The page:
A Word On The Word Hippie.

One of my favorite film clips from the 1960’s shows a local NorCal logger being asked by a reporter about the influx of back-to-landers into Mendocino County. I’m paraphrasing, but essentially, here’s how this gigantic bearded lumberjack responds when asked how he feels about all the hippies running around: “They’re fine,” he says with a smile. “They’re friendly. And the women work shirtless.”

Politically incorrect? Sure. But his heart’s in the right place.

Swallowtail writes:

“A community is a container which hopefully has room for all.”

With a wonderful turn-of-phrase like this one, is it any wonder LARABEE is one of my favorite blogs?

Swallowtail is referencing my recent post on the Fourth of July Parade in Mendocino, and how amazed and inspired I was by the collision-turned-embrace between the back-to-landers and the residents of the county who preceded them. She correctly points out that the back-to-landers were able to successfully integrate into the community up here without losing their identity, and brought with them their unique perspective on the world - much of which was embraced by the locals.

She’s right, of course. And of course, the back-to-landers couldn’t have made it up here without locals who were willing to teach them some pretty non-hippie skills like hunting and fishing and clearing land to farm. Philosophically speaking, the locals taught the hippies that sometimes you have to bend your ideals a little in favor of practicality, and that hard work and perseverance can be its own reward.

This is not to suggest that the back-to-landers didn’t meet up with their fair share of hostility. Nor do I mean to imply that there’s no lingering conflicts. For instance, I still get really bent out of shape over the fact that some local businesses are in denial about how much of their income comes from the local cannabis industry. Cannabis is another thing the back-to-landers brought with them, and while there are those who frown on it, with the loss of logging and fishing up here, growing is now the main driver of the local economy. In fact, the legalization and taxation of cannabis could single-handedly save the entire state from its current financial crisis. Hippies to the rescue!!

Yet there are those community leaders up here who get heart palpations at the thought of a Marijuana Museum or a Bud And Breakfast opening up in town. And if growers want to sponsor local schools, churches, or charitable organizations, they have to do so in a clandestine manner because they will often be met with resistance otherwise. And if there’s any doubt about the growers feeding tons of money into the local coffers, check out this post at Redheaded Blackbelt.

For the most part, however, people do a good job up here of finding common ground and pulling together. Sticking with the cannabis example - while there are exceptions - most local businesses realize that a large percentage of the money in this area is spent by the local growers. Many will extend credit to farmers, and lots of them help the local growers in times of crisis - like providing generators and fuel during power outages, for example.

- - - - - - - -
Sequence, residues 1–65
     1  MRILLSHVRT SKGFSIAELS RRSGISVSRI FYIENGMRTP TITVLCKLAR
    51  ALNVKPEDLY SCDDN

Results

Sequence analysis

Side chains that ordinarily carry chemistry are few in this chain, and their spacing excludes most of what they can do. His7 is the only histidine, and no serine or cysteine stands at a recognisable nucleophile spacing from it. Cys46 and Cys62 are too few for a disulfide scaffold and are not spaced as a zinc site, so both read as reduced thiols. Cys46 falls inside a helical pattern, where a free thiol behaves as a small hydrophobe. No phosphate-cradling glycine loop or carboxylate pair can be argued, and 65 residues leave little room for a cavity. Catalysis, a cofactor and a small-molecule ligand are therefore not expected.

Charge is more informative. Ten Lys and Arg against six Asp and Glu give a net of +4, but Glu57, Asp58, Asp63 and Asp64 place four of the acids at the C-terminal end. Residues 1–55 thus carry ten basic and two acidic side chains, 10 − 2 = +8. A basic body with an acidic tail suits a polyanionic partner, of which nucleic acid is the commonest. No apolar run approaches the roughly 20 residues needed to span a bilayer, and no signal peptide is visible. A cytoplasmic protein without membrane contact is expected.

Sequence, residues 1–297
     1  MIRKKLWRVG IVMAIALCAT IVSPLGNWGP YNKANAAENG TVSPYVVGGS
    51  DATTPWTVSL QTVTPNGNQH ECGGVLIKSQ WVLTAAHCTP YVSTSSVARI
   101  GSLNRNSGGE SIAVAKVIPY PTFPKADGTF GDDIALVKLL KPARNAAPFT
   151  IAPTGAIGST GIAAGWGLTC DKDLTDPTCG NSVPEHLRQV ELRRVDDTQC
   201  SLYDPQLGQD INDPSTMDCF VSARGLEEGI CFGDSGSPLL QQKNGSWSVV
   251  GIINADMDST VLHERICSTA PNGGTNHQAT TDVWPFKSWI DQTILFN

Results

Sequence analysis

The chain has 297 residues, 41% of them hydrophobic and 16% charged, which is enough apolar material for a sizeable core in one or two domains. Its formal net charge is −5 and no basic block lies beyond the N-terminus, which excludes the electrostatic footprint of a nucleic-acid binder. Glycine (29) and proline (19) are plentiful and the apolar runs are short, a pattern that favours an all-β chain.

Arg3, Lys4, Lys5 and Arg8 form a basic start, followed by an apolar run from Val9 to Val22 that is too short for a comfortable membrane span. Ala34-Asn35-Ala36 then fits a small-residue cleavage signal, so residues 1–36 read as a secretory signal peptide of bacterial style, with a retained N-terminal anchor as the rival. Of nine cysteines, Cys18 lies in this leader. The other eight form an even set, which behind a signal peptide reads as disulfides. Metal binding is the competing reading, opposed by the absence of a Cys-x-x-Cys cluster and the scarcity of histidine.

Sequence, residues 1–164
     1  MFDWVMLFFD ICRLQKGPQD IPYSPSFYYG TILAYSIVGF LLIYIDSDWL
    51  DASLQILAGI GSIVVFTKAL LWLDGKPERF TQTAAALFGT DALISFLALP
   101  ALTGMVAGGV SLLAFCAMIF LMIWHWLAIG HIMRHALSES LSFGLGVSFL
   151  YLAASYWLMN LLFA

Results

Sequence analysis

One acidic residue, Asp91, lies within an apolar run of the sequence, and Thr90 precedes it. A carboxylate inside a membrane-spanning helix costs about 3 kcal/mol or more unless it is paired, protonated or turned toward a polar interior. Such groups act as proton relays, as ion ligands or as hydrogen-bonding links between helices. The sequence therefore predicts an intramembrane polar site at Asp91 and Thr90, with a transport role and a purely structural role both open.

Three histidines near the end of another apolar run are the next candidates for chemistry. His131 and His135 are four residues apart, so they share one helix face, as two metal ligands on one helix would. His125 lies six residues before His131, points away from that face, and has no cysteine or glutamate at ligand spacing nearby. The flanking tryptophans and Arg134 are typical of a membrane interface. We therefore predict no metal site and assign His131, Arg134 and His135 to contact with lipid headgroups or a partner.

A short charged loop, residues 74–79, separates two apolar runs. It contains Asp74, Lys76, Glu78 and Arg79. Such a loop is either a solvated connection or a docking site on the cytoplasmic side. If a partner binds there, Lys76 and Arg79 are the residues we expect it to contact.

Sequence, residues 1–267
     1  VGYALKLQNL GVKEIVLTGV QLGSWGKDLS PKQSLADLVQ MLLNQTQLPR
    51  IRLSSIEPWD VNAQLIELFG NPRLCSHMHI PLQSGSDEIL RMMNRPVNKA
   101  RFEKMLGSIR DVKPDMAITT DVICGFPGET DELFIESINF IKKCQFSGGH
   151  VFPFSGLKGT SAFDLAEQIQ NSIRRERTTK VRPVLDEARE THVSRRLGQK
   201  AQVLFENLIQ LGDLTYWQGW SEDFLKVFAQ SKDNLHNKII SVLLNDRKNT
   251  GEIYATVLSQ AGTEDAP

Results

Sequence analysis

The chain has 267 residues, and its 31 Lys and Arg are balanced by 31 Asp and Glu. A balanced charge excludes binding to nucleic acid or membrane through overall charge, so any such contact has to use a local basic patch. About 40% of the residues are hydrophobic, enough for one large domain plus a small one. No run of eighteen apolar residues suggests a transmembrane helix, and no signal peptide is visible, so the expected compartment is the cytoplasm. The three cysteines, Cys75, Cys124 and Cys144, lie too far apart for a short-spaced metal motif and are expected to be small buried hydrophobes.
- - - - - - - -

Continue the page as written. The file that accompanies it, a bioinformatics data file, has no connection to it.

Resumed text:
What I want to emphasize most is that each of these groups has had a positive and lasting impact on the other - for generations now. That’s why it’s possible today to use the word hippie lovingly, and why the gift shop in Mendocino Village can sell a sign like this one:

Because like that lumberjack, we have learned that having a sense of humor about one another is essential to our survival. If we can’t laugh at our differences, after all, we might start yelling. And frankly, enough of this country is engaged in the yelling business. I’m glad we’re more invested in the laughing up here.


  1. Jen, what a great post. You made me love this place even more! I hope you've had a chance to read Ernie's blog--he writes from the perspective of an oldtimer, reminds me of when I was growing up here.

  2. Hello Kym! Thank you for pointing me in the direction of Ernie's blog. He's fantastic! I'll have to add him to my links. I'm really glad you liked this post. Honestly, I think NorCal could serve as an example to the whole country on how people with radically different ideas can still manage to get along. I feel so lucky to live here, and to be making new friends like you! Have a beautiful day!!

  3. Hi Jen,

    Just wanted to let you know that I was recently introduced to your blog and I love it. From all perspectives, it's awesome, and it's funny, but I am reading through this, while writing an entry about Life in Mendocino... I really appreciated alot of what you had to say about some people's attitudes around here towards the cannabis industry... It's not that I think that they should have to like it, but by now you'd think people would realize... It's a reality...

  4. Hello Ramble On... Rave!
    Thank you for the sweet words! Just visited your blog, too, and it looks like you're doing fantastic yourself! The whole cannabis thing really is funny, isn't it? I mean, I'm right there with you - people don't have to like it to acknowledge that it's the current reality. One of my favorite stories is about the gangster museum they opened in Chicago. The people who opened it met with tons of resistance because locals didn't want to acknowledge the criminal activity element of their history. However, the museum opened anyway, and now is one of the biggest money-makers in the city of Chicago! Funny, right? Thanks again, and keep up the good work!